So here's a fun little idea. I was in a great meeting a few months back, where we were using a lot of physics concepts to discuss business: acceleration, momentum, velocity, and so on. It hit me that maybe there's more to this use of language and I've been mulling it over ever since. To get right down to basics, let's look at Isaac Newtons 3 laws of motion.
So the exact law translates to:
In every material universe, the motion of a particle in a preferential reference frame Φ is determined by the action of forces whose total vanished for all times when and only when the velocity of the particle is constant in Φ. That is, a particle initially at rest or in uniform motion in the preferential frame Φ continues in that state unless compelled by forces to change it. (emphasis added)
For practical discussion, let's just stick to the part about "an object in motion stays in motion". If you look at big businesses or government organizations, it's easy to see that something akin to this principle is at work in human systems as well as physical ones. "Organizational Inertia" gets established by rules, procedures, social norms, rigid software and the desire of individuals to not rock the boat or question authority. The net result is that if you do nothing, you'll generally just keep moving in the same direction.
F = ma
Newton's second law of motion states that
The acceleration of an object as produced by a net force is directly proportional to the magnitude of the net force, in the same direction as the net force, and inversely proportional to the mass of the object.
That one's a mouthful, but
Force = Mass * Acceleration also means that
Acceleration = Force / Mass, which is to say that if you want something to move faster, you can either increase the net force applied to it, or you can decrease its mass. Decreasing mass in business and in life generally translates into breaking big problems into small ones so that you can move them around more easily.
Equal and Opposite Reactions
Ok, so what about the 3rd law?
To every action there is always opposed an equal reaction: or the mutual actions of two bodies upon each other are always equal, and directed to contrary parts.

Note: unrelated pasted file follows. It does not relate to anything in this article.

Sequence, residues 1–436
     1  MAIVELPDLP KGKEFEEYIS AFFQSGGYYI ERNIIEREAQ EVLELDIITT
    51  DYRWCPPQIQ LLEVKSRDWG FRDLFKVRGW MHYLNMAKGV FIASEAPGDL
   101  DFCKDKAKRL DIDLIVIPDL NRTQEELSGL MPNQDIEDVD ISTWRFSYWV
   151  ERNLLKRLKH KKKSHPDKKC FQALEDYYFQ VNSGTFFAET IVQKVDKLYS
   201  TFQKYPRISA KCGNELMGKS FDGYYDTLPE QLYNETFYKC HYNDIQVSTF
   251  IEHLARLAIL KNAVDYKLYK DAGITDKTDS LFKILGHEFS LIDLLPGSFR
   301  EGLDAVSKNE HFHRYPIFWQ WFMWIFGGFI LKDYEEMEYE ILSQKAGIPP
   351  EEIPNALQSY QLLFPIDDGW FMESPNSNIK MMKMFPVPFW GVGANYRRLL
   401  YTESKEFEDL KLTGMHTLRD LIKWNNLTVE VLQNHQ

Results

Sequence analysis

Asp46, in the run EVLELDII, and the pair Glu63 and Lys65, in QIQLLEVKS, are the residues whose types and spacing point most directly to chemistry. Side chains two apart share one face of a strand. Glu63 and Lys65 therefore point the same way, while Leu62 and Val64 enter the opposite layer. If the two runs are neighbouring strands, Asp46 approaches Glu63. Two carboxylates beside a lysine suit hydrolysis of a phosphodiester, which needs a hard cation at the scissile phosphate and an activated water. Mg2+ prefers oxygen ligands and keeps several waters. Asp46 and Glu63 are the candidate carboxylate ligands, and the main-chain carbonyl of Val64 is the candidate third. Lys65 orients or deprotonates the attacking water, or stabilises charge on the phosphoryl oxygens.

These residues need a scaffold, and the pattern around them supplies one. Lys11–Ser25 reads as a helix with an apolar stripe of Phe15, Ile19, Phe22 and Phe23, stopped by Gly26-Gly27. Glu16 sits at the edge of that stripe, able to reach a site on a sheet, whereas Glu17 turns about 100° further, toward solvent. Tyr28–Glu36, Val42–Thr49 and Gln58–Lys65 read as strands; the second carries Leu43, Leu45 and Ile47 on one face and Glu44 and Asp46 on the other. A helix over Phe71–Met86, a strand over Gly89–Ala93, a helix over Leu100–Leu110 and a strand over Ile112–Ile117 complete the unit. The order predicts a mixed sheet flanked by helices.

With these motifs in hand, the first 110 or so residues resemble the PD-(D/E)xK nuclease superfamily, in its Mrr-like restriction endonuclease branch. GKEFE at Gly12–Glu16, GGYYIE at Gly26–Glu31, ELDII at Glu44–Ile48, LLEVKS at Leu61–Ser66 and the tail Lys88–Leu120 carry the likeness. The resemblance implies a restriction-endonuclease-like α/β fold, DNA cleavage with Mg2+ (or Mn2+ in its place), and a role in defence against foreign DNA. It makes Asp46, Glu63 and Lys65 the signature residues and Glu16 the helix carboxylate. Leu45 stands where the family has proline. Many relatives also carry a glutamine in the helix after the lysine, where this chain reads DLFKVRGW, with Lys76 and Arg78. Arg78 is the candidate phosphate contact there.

If you've ever been in a situation where you want something to change, you know that the more mass / momentum that thing has, the harder it's going to be to get it to change. This is why we want smaller problems for the sake of solving the problems. But this also means that when you try to make something change, there's going to be push back. If you've broken the problem into something small enough, the blowback to you will be less, and you'll probably keep a lot more of your sanity and emotional wellbeing.
Stopping and changing directions
So how much force does it take to stop something? Well, we can calculate it exactly with a bit of Kinematics at Newton's second law above, but if you really want to follow along, this guy can explain it better than me:
But we're in business here and we're really just going for the principal, which is that an object moving twice as fast will take four times as much stopping power. That's an exponential increase, and gives us all the more reason to check if something's working before it's plowing along like a freight train.
Why Agile Works
Agile works in software development and numerous other areas in life and business because it keeps problems small enough that your team can accelerate quickly, and stop or change direction when required. It's really fairly intuitive, and if you've tried it you've seen the advantages as well. Still, it's nice to know that Newton's got your back.